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Out of Water
Peter Hammill

1. Evidently Goldfish
2. Not the Man
3. No Moon in the Water
4. Our Oyster
5. Something about Ysabel's Dance
6. Green Fingers
7. On the Surface
8.A Way Out

Recorded at Sofa Sound (Freshford) & Terra Incognita, Bath, Jan-Aug '89 (24-track analogue)
Mixed at Crescent Studios /Terra Incognita, Jan-Aug '89
Produced by PH. (except "Ysabel" by PH/David Lord
Mix engineering by PH and DAVID LORD.
Musicians: STUART GORDON violin (5)
JOHN ELLIS guitars (1,7)
DAVID JACKSON saxophones (3, 6)
NIC POTTER bass (3, 6)
otherwise all PH

Cover drawing by John Ellis

A turning point, or any number of turning points. The bridge between everything which had gone before and whatever now is; definitely the start of The New.
(Not that I would have thought so, particularly, at the time; in the way of things one moves on and forward and only sees that a moment, a song, a record, was pivotal in retrospect.)
It's axiomatic that I couldn't do what I do, what I've done, without a measure of self-confidence. On these recordings I was positively infused with the stuff. Perhaps this came as a result of analysis of what was right and what was wrong with "In a Foreign Town". In any event, I now felt on top of the technology and able to use it as part of the palette, rather than having to fight it. As a result all sorts of hybrid ways of working, of composition, of subject matter, are on offer here.
Some of the principal characteristics: I began to play more and more electric guitar...though most of the lead stuff was still down to Fury. Much of this guitar was colour-wash rather than structural. Most of the synth work fell into the same category. (I think, therefore, that this was the initiation of the style with which I've been most occupied in the latest CDs, notably "Everyone you Hold" and "None of the Above".) I didn't feel a compulsion to stick rhythm parts on everything; this was a return to previous theories ("Chameleon, f'rinstance.) Where there is percussion it's still a bit lumpy, but better than the last efforts! I felt much more confident about string arrangements (after "Time to Burn"). Above all I was right in the zone of "Why does a "song" have to be a certain way, be constructed in a certain way, be about certain subjects?".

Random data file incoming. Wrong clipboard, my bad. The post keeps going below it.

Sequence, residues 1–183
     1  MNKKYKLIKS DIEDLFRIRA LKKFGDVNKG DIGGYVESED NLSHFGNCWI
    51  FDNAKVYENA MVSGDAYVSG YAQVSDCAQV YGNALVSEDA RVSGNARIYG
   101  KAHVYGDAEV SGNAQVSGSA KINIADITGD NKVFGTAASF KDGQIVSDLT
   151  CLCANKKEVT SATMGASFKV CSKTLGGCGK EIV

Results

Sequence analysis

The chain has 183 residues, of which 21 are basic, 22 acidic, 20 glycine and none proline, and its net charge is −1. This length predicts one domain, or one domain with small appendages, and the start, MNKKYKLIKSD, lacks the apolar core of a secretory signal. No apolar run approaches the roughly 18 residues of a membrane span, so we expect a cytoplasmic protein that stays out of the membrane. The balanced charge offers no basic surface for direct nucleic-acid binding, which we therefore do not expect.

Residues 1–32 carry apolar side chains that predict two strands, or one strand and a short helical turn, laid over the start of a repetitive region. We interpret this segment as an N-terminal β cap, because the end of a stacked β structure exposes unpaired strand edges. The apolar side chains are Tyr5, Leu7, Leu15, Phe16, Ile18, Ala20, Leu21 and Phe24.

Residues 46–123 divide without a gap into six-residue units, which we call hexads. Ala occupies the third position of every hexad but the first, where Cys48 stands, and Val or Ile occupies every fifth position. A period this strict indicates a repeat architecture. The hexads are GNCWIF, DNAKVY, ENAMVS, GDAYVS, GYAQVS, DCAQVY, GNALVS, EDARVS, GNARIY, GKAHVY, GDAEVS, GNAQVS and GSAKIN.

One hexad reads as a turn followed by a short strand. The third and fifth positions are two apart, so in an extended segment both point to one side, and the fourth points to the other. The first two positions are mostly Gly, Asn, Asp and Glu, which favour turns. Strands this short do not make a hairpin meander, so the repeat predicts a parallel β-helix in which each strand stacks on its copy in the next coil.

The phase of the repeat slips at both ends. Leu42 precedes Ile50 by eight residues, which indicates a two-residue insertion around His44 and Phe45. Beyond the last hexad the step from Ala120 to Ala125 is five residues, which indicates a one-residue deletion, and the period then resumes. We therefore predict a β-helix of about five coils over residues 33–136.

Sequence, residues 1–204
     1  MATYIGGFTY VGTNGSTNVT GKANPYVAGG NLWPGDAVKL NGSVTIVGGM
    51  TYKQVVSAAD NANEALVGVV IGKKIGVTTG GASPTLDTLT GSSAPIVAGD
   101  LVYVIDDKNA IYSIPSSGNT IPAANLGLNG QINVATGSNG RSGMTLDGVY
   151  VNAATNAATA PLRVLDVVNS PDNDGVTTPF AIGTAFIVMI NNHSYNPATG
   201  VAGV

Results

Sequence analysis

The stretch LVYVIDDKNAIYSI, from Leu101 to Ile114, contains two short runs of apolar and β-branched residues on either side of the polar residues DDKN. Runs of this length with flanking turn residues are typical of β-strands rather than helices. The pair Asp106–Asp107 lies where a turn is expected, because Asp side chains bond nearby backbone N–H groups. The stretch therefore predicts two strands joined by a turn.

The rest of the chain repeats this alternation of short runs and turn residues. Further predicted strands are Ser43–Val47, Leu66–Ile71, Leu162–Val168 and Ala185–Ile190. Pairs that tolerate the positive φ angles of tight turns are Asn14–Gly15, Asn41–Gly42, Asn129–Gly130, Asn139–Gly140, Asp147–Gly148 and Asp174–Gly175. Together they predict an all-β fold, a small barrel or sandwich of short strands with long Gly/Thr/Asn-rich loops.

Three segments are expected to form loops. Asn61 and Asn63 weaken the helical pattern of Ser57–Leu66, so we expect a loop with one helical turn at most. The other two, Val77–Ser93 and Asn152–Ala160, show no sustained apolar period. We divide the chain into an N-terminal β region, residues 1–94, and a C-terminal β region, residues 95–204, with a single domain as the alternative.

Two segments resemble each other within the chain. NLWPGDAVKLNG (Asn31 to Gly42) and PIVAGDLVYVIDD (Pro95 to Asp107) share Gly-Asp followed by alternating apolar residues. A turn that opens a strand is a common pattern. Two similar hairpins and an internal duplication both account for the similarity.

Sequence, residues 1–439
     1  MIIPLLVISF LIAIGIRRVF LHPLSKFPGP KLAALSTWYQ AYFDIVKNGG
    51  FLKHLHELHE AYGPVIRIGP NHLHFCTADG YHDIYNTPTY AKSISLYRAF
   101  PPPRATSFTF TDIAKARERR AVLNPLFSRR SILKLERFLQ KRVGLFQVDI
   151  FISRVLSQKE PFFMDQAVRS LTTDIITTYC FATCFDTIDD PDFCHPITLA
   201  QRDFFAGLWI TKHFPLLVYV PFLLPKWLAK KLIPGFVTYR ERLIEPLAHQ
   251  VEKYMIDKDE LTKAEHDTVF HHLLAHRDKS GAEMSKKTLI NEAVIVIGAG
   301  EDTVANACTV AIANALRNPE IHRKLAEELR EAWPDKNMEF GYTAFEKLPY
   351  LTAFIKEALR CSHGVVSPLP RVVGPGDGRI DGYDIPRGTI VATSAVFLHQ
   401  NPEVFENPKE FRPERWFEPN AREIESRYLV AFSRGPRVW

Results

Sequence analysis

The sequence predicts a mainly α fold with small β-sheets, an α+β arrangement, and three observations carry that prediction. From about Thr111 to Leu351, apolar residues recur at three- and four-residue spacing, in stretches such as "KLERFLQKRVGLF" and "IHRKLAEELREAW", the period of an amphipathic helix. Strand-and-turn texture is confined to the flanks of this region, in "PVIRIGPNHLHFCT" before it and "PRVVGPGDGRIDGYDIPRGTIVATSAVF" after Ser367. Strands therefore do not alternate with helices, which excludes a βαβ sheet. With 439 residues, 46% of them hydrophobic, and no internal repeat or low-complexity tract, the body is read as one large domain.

The songs. "Goldfish" originated from a tune I'd had since 1967 at the latest, but had never got round to working. (Originally called "Kandahar", trivia-lovers...). "Not the Man" is the closest thing to a pop song here. There's a degree of ambivalence about it...yes, of course it's "a love song" but there's also a measure of addressing you, the audience in it. If I'm not now perceived as the man I was then what? No blame. By the same token, I now believe that "Green Fingers" is as much an admonition to myself as anyone else (though I did have someone else in mind...): got to stay engaged, got to stay passionate, got to stay in the real. "No Moon" is the first of (there have been a later succession) what one might call zen hymns. The subject matter is one of the koans from Zen flesh, zen bones. (Not that I'm a total adherent or would want to proselytise in any way, y'understand?) The backing track derived from pure experimentation and editing.